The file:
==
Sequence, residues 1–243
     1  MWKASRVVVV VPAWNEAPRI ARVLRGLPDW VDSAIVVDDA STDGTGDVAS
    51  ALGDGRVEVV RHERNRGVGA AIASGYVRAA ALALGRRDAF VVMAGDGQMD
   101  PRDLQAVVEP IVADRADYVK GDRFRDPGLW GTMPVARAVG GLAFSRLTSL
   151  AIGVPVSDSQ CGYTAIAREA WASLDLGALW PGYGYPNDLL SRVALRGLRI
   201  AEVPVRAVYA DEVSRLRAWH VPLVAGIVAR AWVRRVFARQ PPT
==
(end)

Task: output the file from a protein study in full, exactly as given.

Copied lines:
Sequence, residues 1–243
     1  MWKASRVVVV VPAWNEAPRI ARVLRGLPDW VDSAIVVDDA STDGTGDVAS
    51  ALGDGRVEVV RHERNRGVGA AIASGYVRAA ALALGRRDAF VVMAGDGQMD
   101  PRDLQAVVEP IVADRADYVK GDRFRDPGLW GTMPVARAVG GLAFSRLTSL
   151  AIGVPVSDSQ CGYTAIAREA WASLDLGALW PGYGYPNDLL SRVALRGLRI
   201  AEVPVRAVYA DEVSRLRAWH VPLVAGIVAR AWVRRVFARQ PPT